1982art – Gloria (Review)
At its first glance, Gloria looks like a radio-recever/vintage-amp from your grand father’s living room. Nevertheless, behind its large silver knobs, Gloria has an inventive functionality: The peak filters are a combination of two bells, one narrow and one broad. Now, the question is: How does it sound ?
The plugin includes 6 different filters: 1 HP, 2 Shelving, 2 peak, 1 LP. Another control button is offered for each, which are slope control for HP and LP, and frequency for the others. The plugin has also two different saturation mode.
How does it sound ?
First, the HP and LP and their slope controls are very effective. The cutting frequency are very flexible (no restriction due to pre-selected frequency) and slope button offers a good control of the contour. For mastering purpose, the control of high end and low end contour is a key parameter. This only very fact make Gloria useful.
For the shelving band, it’s Pretty straight forward; sound like most shelving filters I’ve heard until now.
Now, the delicate subject; Is the combination of bell curves is really a good idea ? Well, it depends. For sure, it won’t be adequate for every situation. I used it for a mastering application, I found that it could be useful in cases where exotic tonal balances could be tolerated. What I mean by that is fairly simple: The human ear usually prefers broader band when it is question of boasting frequency, and narrower band for cutting applications. In that case, no matter if you’re boosting or cutting, you’re stuck with this two-bells curve.
“The idea [of a combination of bells] is not bad by itself, but it should have been an option rather than an obligation.”
I think the use of this plugin is adequate when you need to spice a dead sound and make it shine a bit. In that case, I have to admit that the double curve approach can be interesting. You can then create a resonance frequency and boost the overall tone at the same time. In that way, I could gave a very good feeling to a very dull piano riff. I can imagine how this tool could be effective on an acoustic guitar track that needs to shine in a mix.
“[With Gloria], I could gave a very good feeling to a very dull piano riff. I can imagine how this tool could be effective on an acoustic guitar track that needs to shine in a mix.”
About the saturation modes, the B mode sounded more convincing to my ears than the A. It added something interesting to what I was working on.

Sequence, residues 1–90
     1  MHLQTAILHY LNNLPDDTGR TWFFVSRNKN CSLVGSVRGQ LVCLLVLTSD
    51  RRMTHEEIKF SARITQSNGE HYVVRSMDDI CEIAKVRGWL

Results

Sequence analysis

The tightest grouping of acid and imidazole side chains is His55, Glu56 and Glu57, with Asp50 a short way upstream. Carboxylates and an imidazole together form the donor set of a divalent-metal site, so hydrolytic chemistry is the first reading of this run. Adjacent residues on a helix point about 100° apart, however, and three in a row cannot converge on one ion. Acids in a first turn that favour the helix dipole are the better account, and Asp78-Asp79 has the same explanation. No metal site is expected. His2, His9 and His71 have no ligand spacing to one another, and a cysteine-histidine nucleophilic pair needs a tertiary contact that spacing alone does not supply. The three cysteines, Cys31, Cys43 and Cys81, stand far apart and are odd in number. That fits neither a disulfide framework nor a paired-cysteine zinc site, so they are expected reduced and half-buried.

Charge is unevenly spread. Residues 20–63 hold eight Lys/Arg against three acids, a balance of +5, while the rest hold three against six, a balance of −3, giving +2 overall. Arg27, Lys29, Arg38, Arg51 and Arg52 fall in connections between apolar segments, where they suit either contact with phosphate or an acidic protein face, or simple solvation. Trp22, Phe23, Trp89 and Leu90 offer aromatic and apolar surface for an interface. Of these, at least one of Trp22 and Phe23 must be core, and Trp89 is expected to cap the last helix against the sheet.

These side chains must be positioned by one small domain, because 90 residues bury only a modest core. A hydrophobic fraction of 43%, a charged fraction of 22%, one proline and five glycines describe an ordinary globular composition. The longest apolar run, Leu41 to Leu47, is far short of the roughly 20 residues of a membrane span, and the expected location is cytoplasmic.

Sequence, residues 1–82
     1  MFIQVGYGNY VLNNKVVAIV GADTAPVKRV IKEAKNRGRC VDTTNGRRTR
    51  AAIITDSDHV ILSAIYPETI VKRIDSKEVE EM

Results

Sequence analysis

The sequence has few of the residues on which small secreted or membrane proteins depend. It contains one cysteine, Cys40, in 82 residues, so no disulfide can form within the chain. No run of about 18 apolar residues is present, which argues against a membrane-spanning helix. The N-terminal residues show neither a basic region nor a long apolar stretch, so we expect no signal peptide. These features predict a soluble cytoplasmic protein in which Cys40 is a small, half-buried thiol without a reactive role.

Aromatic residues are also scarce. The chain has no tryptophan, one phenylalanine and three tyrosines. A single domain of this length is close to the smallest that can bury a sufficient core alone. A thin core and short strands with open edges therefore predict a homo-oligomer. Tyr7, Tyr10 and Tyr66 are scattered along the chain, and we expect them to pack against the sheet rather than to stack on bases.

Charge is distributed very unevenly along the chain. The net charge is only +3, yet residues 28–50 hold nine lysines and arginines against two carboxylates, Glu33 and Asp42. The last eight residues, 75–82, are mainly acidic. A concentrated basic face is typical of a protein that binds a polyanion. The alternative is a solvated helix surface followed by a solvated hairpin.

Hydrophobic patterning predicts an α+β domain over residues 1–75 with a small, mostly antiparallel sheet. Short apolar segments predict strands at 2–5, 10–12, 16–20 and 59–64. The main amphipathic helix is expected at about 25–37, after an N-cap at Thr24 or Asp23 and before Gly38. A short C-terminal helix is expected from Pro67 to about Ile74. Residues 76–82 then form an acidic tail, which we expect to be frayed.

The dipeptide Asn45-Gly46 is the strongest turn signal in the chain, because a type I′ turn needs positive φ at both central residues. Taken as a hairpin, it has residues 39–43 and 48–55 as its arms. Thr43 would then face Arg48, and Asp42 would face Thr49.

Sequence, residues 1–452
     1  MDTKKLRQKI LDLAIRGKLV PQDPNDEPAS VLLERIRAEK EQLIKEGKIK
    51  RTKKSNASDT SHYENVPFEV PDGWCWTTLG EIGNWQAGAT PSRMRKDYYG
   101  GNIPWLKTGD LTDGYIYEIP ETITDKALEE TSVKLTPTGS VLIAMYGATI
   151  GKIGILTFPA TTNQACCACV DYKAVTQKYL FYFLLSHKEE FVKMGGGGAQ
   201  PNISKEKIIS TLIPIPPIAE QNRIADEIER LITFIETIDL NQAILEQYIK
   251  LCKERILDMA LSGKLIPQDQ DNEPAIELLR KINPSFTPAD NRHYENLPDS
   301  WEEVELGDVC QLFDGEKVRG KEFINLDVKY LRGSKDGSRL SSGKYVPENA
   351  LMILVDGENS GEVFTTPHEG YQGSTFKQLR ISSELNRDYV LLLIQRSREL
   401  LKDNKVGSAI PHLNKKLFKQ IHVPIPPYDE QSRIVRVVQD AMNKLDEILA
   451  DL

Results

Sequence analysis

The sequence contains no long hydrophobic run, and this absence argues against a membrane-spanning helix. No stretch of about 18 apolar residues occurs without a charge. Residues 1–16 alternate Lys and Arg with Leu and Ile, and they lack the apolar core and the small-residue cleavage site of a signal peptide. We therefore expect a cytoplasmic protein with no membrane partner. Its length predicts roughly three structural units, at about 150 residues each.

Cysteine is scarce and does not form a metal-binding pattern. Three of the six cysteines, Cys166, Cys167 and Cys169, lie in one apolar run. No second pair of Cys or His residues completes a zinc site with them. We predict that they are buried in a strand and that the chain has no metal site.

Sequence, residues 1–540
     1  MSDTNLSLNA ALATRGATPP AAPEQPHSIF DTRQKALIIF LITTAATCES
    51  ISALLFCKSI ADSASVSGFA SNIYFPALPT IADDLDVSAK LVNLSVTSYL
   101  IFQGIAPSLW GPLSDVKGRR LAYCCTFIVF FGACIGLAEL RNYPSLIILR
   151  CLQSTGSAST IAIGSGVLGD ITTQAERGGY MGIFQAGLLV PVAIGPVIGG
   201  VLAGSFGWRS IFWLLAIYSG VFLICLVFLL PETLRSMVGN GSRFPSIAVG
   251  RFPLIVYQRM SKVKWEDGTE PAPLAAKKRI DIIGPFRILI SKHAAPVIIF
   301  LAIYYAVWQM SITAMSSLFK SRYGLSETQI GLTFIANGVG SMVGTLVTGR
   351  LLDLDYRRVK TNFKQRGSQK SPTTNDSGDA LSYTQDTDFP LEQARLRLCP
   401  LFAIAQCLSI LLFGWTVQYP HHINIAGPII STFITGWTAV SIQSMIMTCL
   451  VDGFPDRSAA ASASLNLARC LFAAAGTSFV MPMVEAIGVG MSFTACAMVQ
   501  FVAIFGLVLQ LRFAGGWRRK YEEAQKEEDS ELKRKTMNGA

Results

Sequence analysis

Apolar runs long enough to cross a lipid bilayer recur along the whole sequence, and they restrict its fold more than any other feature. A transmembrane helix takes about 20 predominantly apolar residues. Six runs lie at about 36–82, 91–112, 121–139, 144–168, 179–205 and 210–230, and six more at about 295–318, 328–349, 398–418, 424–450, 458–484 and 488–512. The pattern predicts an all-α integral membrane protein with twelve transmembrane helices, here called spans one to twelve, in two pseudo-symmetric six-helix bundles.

In summary, Gloria is an interesting tool that can be useful in few cases, but would not fit as an go to equalizer on every inserts. It would have been a good idea to give more “freedom” to the user by letting him decide if he wants or not the two-bells option. I mean, it not a bad idea by itself, but it should have been an option rather than an obligation. The fact that every other equalizer could approach the same result by combining two different peak filters is reducing my interest toward this plugin; you will eventually have to select your go-to plugins and then stick to it. However, the the Gloria EQ with its B-Saturation mode sounded very good on the track I tested the plugin on and I have been able to give a completely different tone the track I was mastering because of this plugin. It helped me to see a different dimension of it. (Overall rating (4/5)
“The fact that every other equalizer could approach the same result by combining two different peak filters is reducing my interest toward this plugin; you will eventually have to select your go-to plugins and then stick to it.”
- The overall sound is pleasing;
- The combination of two bells for the peak filter is an interesting idea, and an innovation by itself;
- The HP and LP filters gives good controls on low end and high end contour;
- B-Saturation mode gave a good spark to my mix.
- This two-bells thing should have been an option rather than an obligation;
- Not adequate for every application